In response New Zealand could only manage two tries and penalty goals, Esan Marsters glided over from a slick shift of the ball and Watene-Zelezniak coasted over from a scrum play. You’ve got to give the home side praise here. For all the skill the Kiwis possess, England contained them well. Connor impressively kept his talented opposite number Joseph Manu quiet – an impressive feat on its own. The Hull FC sensation just goes from strength to strength on the international scene, but he wasn’t on his own, nor was he the most impressive on the day. Elliot Whitehead, a continued shining light in the England team, was brilliant, as was John Bateman – two Bradford lads who will link up with Canberra Raiders in the NRL next year. In truth the whole pack was impressive, as were the outside backs. England arguably needed a bit more control in the halves, but you’re being pessimistic to find major faults with the performance. This is a test team that can now fully compete and beat the Southern Hemisphere sides. England are evolving and it’s great to see.
The only negativities come off the field. As is always the case, the same people who will undoubtedly moan when Hull doesn’t get a test match next time around will be the ones who were sat on their sofas on Saturday afternoon. It’s poor. We should, like the seven times prior for a proper test at this venue, be selling out the stadium. The fault of that lies with a combination of sources. The RFL have to take some onus, as do both of the top flight clubs in Hull, and of course both sets of fans. But with a dose of realism, and given the fact that Hull supporters had about as much interest in the final two months of the Super League season as Ralph Rimmer does of marketing England games, then to see thousands of unoccupied pieces of plastic wasn’t really a surprise.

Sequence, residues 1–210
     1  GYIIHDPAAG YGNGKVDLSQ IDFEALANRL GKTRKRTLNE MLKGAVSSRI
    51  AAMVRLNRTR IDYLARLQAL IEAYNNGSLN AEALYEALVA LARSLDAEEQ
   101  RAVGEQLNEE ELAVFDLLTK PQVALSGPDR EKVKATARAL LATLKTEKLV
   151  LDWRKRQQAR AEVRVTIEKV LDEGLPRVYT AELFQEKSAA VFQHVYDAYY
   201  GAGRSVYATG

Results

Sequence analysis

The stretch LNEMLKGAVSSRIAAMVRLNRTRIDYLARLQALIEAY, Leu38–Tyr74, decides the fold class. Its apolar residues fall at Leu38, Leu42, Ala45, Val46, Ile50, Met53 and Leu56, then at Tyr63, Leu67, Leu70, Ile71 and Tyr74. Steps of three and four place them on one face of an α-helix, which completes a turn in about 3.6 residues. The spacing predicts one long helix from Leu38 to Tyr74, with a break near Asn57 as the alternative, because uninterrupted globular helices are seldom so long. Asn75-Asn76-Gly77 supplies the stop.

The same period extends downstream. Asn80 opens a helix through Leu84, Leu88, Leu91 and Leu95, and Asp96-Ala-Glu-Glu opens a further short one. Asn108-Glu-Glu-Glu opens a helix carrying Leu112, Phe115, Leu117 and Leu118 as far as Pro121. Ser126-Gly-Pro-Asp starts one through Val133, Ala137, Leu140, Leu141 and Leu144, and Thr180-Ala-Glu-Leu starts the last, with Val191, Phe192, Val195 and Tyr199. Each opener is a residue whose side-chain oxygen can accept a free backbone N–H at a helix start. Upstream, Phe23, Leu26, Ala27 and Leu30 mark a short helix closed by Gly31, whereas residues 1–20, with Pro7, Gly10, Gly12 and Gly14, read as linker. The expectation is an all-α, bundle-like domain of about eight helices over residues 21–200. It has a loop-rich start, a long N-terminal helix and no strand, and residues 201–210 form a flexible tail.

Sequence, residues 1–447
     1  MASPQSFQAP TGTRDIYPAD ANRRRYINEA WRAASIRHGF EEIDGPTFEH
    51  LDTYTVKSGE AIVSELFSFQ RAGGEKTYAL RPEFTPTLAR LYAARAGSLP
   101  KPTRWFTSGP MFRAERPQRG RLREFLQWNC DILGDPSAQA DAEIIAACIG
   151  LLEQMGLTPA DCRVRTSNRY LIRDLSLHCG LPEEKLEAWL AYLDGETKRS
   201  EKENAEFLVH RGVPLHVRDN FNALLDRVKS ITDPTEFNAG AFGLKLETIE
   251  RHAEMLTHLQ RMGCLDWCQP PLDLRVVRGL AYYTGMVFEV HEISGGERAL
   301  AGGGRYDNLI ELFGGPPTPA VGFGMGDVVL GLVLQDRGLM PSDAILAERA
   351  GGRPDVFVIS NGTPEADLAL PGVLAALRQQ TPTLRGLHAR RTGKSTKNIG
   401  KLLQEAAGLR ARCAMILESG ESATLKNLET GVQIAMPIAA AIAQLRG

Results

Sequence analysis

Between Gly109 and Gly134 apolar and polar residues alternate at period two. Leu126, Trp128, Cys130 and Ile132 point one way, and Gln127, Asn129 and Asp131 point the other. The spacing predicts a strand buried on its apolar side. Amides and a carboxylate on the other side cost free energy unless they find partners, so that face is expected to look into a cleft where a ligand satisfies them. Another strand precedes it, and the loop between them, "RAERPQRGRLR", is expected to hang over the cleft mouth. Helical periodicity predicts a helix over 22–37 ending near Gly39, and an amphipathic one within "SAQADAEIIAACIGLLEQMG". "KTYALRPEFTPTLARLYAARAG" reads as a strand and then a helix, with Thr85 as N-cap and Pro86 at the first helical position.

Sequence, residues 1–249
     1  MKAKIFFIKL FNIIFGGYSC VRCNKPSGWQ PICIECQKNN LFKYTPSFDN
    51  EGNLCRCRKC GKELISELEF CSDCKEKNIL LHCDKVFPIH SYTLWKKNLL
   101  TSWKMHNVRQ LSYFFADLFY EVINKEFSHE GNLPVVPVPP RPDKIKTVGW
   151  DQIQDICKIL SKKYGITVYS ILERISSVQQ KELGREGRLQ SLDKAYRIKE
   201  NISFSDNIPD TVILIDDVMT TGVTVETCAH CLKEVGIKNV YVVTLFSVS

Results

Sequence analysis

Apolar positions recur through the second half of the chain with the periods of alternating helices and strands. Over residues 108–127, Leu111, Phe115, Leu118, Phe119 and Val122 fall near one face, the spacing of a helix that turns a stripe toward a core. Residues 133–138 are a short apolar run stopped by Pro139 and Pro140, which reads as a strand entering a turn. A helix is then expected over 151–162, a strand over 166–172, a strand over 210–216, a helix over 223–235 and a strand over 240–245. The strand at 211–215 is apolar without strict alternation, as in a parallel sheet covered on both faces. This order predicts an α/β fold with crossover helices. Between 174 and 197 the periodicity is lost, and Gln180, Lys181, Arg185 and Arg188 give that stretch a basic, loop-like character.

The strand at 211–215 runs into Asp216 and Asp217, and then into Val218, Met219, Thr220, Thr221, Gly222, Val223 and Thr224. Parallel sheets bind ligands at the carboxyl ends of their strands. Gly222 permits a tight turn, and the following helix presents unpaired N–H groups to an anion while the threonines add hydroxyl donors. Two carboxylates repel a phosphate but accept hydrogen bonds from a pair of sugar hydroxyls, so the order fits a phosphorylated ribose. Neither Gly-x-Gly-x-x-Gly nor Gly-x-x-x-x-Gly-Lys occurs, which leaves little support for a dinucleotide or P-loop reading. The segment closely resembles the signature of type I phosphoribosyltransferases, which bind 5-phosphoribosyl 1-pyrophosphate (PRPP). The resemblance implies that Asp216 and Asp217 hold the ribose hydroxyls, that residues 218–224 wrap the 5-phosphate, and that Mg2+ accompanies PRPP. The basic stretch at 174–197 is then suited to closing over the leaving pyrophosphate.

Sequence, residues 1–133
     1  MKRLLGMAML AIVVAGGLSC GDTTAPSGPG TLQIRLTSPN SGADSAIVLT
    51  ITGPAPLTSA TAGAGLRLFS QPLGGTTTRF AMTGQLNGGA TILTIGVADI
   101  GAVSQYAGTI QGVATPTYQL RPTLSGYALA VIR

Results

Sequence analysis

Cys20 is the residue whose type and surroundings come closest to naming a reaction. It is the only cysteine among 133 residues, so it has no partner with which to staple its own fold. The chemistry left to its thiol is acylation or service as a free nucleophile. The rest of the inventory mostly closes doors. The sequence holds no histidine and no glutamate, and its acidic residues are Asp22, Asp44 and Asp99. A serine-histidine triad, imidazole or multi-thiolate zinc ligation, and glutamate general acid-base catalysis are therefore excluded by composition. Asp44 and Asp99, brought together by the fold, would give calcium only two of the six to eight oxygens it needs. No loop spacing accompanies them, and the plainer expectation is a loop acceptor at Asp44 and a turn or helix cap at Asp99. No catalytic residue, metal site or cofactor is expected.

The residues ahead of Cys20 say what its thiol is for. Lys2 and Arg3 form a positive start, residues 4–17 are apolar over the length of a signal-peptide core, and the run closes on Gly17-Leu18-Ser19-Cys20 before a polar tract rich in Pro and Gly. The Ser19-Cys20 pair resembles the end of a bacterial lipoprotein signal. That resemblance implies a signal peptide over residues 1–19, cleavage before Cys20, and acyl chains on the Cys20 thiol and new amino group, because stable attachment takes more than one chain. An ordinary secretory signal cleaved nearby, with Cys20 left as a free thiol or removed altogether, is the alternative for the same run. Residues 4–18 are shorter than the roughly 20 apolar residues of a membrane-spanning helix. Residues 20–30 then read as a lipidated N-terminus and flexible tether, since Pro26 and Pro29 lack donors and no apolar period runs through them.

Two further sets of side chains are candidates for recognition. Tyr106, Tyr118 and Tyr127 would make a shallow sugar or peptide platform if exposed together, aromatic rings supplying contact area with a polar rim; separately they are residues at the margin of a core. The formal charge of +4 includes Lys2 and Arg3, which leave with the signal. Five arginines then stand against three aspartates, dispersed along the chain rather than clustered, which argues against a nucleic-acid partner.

Hopefully Anfield and Elland Road will be better but given their increased capacities it could for the watching television spectactor at least look a little embarrassing. When it’s done right it’s a fantastic product but Rugby League never does things the easy way. Both the England and New Zealand players don’t deserve that. They deserve a full house. Luckily UTC are going to both remaining tests, and given the exploits and beauty of the international game observed at the home of Hull FC, we urge as many fans to come and join us.
England Starting XIII: 1. Jonny Lomax, 2. Tommy Makinson, 3. Jake Connor, 4. Oliver Gildart, 5. Jermaine McGillvary, 6. George Williams, 7. Sam Tomkins, 8. Tom Burgess, 9. Josh Hodgson, 10. James Graham, 11. John Bateman, 12. Elliot Whitehead, 13. Sean O’Loughlin. Interchange: 14. Luke Thompson, 15. Chris Hill, 16. George Burgess, 17. Daryl Clark.
England Tries: Tomkins, Connor, Gildart. Goals: Connor 3/4
New Zealand Starting XIII: 1. Dallin Watene-Zelezniak, 2. Ken Maumalo, 3. Esan Marsters, 4. Joseph Manu, 5. Jordan Rapana, 6. Shaun Johnson, 7. Kodi Nikorima, 8. Jesse Bromwich, 9. Brandon Smith, 10. Jared Waerea-Hargreaves, 11. Kevin Proctor. 12. Issac Liu, 13. James Fisher-Harris. Interchange: 14. Kenny Bromwich, 15. Leeson Ah Mau, 16. Martin Taupau, 19. Joseph Tapine.
New Zealand Tries: Marsters, Watene-Zelezniak. Goals: Johnson 4/4
Scoring System: 6-0, 6-6, 6-12, 12-12, 12-14, 14-14, 14-16, 18-16.
Referee: Robert Hicks